Monday, November 29, 2010

Home for Heroes or Hospital for Hurters

Imagine this: It's a beautiful Sunday morning. You are gathering with your family and friends to worship at your local church.

In walks one lone visitor. No one knows the visitor. No one knows anything about the visitor.

Imagine this visitor in your mind. Imagine what the visitor might be like. Imagine the type of person you 'hope' this visitor will be.

What kind of visitor are you and your fellow church members most prepared for...a hero or a hurter?

A hero of the faith? A strong believer that knows scripture inside and out? Someone that can teach a class, lead a study, give financially? You know how to welcome this visitor and make them feel welcome, right? Do you hope the visitor that is a hero that has come home?


Are you prepared for hurter that needs a hospital? A person who has unspeakable hurts? A person living with a secret no one understands? Someone who needs to know that they are loved? Someone that doesn't know Genesis from Galatians? Are you prepared to be a hospital for the hurting?

Newsflash: Both come to your church each and every week. Most are members...a few are visitors. It's easy to spot those among you who are modern day heroes of the faith. It's not usually easy to spot the hurting.


The hurting that are your friends and have been in your church family for years walk into the church with their church faces on and may not open the windows to their soul to let you see the pain inside. Others have shared the surface of their hurts with some in your congregation only to be discounted or ignored ... ignored out of ignorance ... many times when we don't know how to respond to someone's hurt, we just don't respond at all. We look the other way and hope their problem will go away on it's own. Unfortunately, the loneliest place in the world for some hurting people will be inside your church, sitting next to you in the pew.

Little Lesson Life Expression
How will you help your church become a hospital for the hurting? Are you willing to be a caregiver in this hospital for the hurting but don't know where to start?

Want a few suggestions?

  • Pray first. Alone. Ask God to open your eyes to the needs in front of you. (Between you and God...not between you and your best friend on earth.)
  • Watch. Really see the people you say 'hello' to. See them. Listen to them. Hear them. "I'm fine" rarely means I'm fine.
  • Look around. See who isn't present today. This may be someone who is hurting too bad to even show up.
  • Be open. When you see and hear what people are really saying, don't pre-judge their situation. Remember they are hurting people. Right now they need your love, not your judgement.
  • Shut up. Don't shut down but shut up. Let them know if they want to talk, you'll listen and you'll keep what they say confidential.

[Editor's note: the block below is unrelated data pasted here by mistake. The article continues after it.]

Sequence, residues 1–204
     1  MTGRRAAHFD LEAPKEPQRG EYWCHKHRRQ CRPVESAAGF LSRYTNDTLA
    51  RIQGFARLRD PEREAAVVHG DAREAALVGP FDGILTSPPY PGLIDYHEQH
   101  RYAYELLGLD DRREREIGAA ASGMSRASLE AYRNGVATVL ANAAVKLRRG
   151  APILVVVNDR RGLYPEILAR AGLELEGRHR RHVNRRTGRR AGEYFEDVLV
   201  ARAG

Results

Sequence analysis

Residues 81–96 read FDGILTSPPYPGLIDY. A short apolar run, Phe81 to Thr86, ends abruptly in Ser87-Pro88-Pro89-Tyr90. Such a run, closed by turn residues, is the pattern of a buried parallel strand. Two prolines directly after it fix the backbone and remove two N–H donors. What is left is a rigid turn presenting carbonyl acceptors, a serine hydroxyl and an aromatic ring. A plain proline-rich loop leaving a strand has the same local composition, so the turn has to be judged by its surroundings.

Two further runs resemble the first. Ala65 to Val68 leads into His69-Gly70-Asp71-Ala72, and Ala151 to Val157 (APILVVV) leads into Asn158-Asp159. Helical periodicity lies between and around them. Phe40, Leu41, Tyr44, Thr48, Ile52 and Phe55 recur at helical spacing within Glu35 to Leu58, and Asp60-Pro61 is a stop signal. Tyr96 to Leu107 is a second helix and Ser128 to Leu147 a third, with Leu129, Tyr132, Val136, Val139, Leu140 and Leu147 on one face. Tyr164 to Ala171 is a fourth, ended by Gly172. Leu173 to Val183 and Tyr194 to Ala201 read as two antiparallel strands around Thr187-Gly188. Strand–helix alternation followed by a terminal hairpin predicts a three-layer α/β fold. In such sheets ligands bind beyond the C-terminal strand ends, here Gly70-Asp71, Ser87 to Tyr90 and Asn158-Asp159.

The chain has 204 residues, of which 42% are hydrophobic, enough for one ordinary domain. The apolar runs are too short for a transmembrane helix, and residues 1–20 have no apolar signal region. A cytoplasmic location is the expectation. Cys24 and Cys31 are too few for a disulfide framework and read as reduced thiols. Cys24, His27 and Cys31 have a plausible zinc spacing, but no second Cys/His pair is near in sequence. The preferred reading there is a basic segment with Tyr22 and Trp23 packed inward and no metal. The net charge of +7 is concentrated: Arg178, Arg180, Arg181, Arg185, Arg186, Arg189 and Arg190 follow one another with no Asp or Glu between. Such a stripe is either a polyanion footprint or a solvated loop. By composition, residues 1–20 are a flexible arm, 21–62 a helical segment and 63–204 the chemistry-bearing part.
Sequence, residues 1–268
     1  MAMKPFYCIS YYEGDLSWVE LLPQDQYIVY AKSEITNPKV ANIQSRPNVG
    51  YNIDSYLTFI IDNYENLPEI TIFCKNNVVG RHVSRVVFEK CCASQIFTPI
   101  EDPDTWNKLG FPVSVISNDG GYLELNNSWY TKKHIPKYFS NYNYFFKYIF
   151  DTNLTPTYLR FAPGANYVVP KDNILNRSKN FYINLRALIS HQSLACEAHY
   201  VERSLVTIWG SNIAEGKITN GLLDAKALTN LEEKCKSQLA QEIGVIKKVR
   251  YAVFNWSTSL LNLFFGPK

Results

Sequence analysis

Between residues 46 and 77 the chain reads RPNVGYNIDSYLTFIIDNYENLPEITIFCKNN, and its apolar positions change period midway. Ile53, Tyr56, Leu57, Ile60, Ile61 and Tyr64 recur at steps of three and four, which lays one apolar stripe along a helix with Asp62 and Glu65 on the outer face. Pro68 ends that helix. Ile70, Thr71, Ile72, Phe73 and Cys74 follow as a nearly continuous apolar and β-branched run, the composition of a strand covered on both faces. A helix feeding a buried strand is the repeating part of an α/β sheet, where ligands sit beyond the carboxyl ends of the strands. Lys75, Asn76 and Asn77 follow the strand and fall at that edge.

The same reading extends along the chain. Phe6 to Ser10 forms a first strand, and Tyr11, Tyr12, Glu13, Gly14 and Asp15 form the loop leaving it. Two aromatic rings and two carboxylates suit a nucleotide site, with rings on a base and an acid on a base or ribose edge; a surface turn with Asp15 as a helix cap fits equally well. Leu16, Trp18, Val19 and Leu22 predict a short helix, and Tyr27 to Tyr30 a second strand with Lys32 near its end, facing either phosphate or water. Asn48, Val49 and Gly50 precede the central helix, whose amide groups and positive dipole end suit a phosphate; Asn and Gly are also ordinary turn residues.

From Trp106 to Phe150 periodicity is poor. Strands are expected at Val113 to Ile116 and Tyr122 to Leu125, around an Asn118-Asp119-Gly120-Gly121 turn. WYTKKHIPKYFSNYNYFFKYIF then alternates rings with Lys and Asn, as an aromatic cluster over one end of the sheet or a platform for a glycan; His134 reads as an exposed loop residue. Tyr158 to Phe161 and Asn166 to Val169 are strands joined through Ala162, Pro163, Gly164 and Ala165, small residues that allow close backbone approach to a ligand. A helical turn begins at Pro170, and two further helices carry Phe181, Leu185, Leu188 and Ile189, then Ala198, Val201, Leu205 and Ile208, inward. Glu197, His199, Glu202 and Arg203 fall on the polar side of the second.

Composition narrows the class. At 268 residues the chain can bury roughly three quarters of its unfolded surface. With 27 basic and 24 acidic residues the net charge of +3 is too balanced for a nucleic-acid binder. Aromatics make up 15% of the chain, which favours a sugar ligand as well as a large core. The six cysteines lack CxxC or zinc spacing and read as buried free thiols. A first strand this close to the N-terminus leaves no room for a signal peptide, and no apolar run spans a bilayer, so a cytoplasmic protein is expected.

• Follow-up. When you've been blessed enough to have someone open up their wounds to you, there is one person you should discuss this with a few days later. Who? The very person who opened up to you. Call them to let them know you really care. Or email them. Or send them a card...a real card...via snail mail. Let them know you will be there for them. Reassure them that you're keeping their confidence. 
  • Refer if needed. You don't need to have all the answers. You may need to help them get professional help. In the meantime you can still listen. And after you listen, you can pray. 

Galatians 6:1-10 (The Message)

 1-3 Live creatively, friends. If someone falls into sin, forgivingly restore him, saving your critical comments for yourself. You might be needing forgiveness before the day's out. Stoop down and reach out to those who are oppressed. Share their burdens, and so complete Christ's law. If you think you are too good for that, you are badly deceived. 4-5Make a careful exploration of who you are and the work you have been given, and then sink yourself into that. Don't be impressed with yourself. Don't compare yourself with others. Each of you must take responsibility for doing the creative best you can with your own life.
 6Be very sure now, you who have been trained to a self-sufficient maturity, that you enter into a generous common life with those who have trained you, sharing all the good things that you have and experience.
 7-8Don't be misled: No one makes a fool of God. What a person plants, he will harvest. The person who plants selfishness, ignoring the needs of others—ignoring God!—harvests a crop of weeds. All he'll have to show for his life is weeds! But the one who plants in response to God, letting God's Spirit do the growth work in him, harvests a crop of real life, eternal life.
 9-10So let's not allow ourselves to get fatigued doing good. At the right time we will harvest a good crop if we don't give up, or quit. Right now, therefore, every time we get the chance, let us work for the benefit of all, starting with the people closest to us in the community of faith.